Sunset Hills adopts capital-improvement plan; voters weigh Prop 1 Tuesday

Committee of city residents promotes passage of Prop 1

By Mike Anthony

A five-year, capital-improvement plan, the first in the city’s history, was unanimously approved last week by the Sunset Hills Board of Aldermen.

The Capital Improvement Committee, chaired by Ward 3 Alderman Stephen Webb, identified nearly 100 potential projects and items totaling roughly $7.8 million in the five-year plan outlining the city’s capital-improvement needs.

The committee was established in May when the Board of Aldermen adopted an ordinance asking voters to consider a permanent extension of the city’s existing half-cent, capital-improvement sales tax in the Tuesday, Aug. 7, election.

The ballot language for Proposition 1 asks voters if the city should continue to impose the half-cent sales tax for the purpose of funding capital improvements and paying the costs of operation and maintenance of those capital improvements.

A simple majority is required for approval of Prop 1.

The half-cent, capital-improvement sales tax initially was approved by voters in 1994 to fund a more than $5.7 million bond issue for City Hall repairs, a new police station, a new public works building and street improvements, among other items.

Because the sales tax is tied to a bond issue, restrictions exist on how revenue from it can be used. For example, for every dollar the city wants to spend from the capital-improvement tax for street improvements, 57 cents must be appropriated from general revenue.

As a result of a decline in general fund revenues, a surplus has accumulated in the capital-improvement fund. A surplus of $103,000 is projected for this year.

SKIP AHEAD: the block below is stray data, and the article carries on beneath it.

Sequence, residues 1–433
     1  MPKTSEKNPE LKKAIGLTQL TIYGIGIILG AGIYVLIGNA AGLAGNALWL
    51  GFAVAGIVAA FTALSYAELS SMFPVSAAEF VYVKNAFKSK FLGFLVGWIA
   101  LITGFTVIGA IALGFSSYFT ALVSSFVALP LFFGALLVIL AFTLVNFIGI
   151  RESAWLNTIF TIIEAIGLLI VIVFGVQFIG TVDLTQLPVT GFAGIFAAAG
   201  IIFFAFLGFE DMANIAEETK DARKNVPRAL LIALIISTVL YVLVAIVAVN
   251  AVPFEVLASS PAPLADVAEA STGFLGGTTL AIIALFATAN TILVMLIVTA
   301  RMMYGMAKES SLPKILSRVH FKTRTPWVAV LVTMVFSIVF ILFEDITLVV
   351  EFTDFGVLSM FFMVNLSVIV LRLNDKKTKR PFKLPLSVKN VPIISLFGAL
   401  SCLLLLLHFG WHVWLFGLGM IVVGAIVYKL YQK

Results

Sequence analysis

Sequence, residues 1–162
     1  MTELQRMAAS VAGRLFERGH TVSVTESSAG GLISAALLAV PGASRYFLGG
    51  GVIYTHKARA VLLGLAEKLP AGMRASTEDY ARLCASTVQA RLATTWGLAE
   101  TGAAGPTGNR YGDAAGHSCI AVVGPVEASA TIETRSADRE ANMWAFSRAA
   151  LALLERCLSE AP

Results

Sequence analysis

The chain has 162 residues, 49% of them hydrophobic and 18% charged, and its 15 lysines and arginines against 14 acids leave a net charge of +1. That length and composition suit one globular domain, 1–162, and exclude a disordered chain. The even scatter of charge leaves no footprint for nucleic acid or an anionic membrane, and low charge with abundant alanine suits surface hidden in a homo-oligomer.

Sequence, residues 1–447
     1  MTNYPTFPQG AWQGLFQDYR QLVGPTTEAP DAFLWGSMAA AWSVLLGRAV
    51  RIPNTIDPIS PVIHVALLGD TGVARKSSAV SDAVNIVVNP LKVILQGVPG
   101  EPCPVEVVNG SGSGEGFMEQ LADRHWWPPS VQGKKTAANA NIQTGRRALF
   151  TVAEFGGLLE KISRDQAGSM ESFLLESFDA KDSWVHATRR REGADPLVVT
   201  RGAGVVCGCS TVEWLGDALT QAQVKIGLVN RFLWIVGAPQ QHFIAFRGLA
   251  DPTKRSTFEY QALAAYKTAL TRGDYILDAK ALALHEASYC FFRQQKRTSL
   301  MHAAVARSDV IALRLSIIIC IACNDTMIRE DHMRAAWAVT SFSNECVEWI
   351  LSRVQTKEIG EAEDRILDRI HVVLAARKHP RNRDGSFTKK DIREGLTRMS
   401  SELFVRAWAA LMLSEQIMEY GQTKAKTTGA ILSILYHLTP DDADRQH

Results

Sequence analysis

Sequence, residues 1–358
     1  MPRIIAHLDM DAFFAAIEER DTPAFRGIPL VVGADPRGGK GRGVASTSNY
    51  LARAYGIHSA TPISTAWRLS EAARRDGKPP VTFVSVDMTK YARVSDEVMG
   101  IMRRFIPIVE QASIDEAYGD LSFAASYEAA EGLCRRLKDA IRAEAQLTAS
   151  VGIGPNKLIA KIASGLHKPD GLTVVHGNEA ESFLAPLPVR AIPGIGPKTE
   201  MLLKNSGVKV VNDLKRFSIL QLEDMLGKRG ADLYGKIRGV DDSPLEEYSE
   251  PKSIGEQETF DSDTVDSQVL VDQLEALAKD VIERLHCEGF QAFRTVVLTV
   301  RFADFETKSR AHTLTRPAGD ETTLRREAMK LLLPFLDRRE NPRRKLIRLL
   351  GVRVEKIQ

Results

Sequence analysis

At the end of April, the capital-improvement fund had a cash balance of $688,184.

The bonds were issued in 1996, refunded in 2004 and are set to be retired in 2016. If the bonds are retired, the tax would end in 2016 unless voters elect to extend it.

The capital-improvement sales tax currently represents roughly 12.5 percent of the city’s total gross revenue.

If the remaining bonds totaling $450,000 are redeemed after the August election, the city would save an estimated $41,000 in net interest expense, and have a cash surplus of more than $238,000 in the capital-improvement fund.

In addition, the tax will continue to generate $875,000 per year for capital improvements. Redeeming the bonds also will eliminate the requirement that capital-improvement funds be matched with general revenues.

The capital-improvement plan, which covers 2013 through 2017, identifies 24 potential projects totaling $1,028,735.06 for 2013.

A committee of Sunset Hills residents is promoting the passage of Prop 1.

The Say Yes Again Committee is chaired by Mike Hogan, who was appointed to the city’s Finance Committee in June by the Board of Aldermen.

In 1994, a committee of residents promoted passage of the capital-improvement sales tax and seven other tax-related measures with the slogan “Say Yes for Sunset Hills.” That is why the group of residents promoting Prop 1 is calling itself the Say Yes Again Committee.